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Last week, Radley Balko suggested that courts’ unwillingness to name prosecutors that commit ethical violations in their opinions perpetuates the problem of prosecutorial misconduct, drawing on the story of Justices Sotomayor and Breyer’s statement in Calhoun v. United States.

Balko points to Sotomayor’s statement, which omits the name of the assistant U.S. attorney responsible for the remark, as an example of the ways the courts fail to hold prosecutors accountable:

It’s bad enough that state bars the Justice Department, and state attorneys general are so reticent about hitting misbehaving prosecutors with professional sanctions. But by not naming prosecutors who commit misconduct, even in opinions in which they find it to be egregious, the courts make it more difficult for the public to know when these public servants are out of line.


Balko continues that there are cases involving far more damning prosecutorial misconduct, such as the manufacturing of evidence, in which the courts refuse to name the offending prosecutors and thus allow them to escape both professional sanctions and public accountability.

These are public officials. They work for us. And they have incredible power — the power to ruin lives. There’s really no good reason why their misconduct should be obscured.

Another way in which prosecutorial misconduct is obscured in criminal court proceedings is through the “harmless error rule”. In many cases where prosecutors use improper argument or commit other misconduct, appellate courts find that the convictions should not be overturned despite that misconduct because the jury would have likely found the defendant guilty anyway. Even where the misconduct is truly egregious, an overwhelming showing of guilt is enough to deem it “harmless” under courts’ analyses.

For instance, in United States v. Runyon, decided last week, the federal Fourth Circuit Court of Appeals reminded us that  improper comments made by prosecutors violate due process if and only if they “so infected the trial with unfairness as to make the resulting [verdict] a denial of due process.” (Donnelly, 416 U.S. at 643)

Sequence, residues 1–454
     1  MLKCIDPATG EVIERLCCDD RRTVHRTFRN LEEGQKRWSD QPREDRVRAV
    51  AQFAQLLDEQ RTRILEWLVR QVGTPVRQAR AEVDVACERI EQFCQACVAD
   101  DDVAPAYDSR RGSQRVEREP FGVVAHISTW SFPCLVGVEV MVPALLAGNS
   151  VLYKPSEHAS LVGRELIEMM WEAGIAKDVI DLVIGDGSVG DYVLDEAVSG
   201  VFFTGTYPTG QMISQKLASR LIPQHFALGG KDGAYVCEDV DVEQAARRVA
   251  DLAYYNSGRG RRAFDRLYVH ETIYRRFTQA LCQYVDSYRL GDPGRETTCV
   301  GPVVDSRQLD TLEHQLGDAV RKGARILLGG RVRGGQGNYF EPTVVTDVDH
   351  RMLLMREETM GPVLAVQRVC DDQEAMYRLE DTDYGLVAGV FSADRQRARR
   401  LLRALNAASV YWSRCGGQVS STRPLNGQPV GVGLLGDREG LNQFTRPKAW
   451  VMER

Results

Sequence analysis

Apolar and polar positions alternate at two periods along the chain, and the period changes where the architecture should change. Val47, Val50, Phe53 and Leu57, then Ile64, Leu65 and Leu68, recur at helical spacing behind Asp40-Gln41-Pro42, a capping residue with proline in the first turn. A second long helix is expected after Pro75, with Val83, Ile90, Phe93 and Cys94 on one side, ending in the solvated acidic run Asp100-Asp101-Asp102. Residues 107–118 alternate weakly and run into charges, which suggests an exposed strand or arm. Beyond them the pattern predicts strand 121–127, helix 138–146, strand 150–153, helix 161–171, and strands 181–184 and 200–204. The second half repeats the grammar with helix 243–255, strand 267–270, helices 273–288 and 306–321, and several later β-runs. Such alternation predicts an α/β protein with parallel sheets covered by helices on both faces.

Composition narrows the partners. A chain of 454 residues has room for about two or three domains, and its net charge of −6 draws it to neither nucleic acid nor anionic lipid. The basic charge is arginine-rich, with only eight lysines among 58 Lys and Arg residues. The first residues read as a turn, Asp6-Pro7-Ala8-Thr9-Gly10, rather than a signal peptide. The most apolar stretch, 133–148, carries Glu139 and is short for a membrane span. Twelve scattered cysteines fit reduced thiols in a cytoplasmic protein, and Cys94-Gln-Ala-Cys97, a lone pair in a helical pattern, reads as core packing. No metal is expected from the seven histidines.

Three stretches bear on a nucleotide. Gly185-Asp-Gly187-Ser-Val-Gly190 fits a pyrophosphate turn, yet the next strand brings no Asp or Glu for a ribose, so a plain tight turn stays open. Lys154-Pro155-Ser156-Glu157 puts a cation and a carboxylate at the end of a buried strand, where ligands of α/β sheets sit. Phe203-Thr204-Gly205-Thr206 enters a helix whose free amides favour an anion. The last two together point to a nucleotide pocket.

In Runyon the Court agreed that the prosecutor made improper comments during closing arguments, including couching the defendant’s decision to go to trial as a failure to take responsibility for his actions, and exhorting jurors to “do their duty” and “send a message to the community” in sentencing Runyon to death (where their “duty” is actually to weigh aggravating and mitigating circumstances to decide on an appropriate punishment). However, the Court ultimately decided that the evidence of guilt against Runyon deemed these comments harmless, and his conviction was upheld.

The effect of having misconduct dismissed as “harmless error” – even where it is egregious – is that there are no disincentives for prosecutors to continue engaging in it. The natural inclination becomes to push the envelope rather than strive for ethical integrity. To ensure the integrity of the justice system, courts could decide to set aside the harmless error rule in cases involving prosecutorial misconduct. However, since they have shown an unwillingness to do that, the issue underscores the need for alternative mechanisms to keep prosecutors accountable. Since Connick v. Thompson, the only potentially viable way to do this is through bar complaints systems.

See our web page on accountability and bar complaints.



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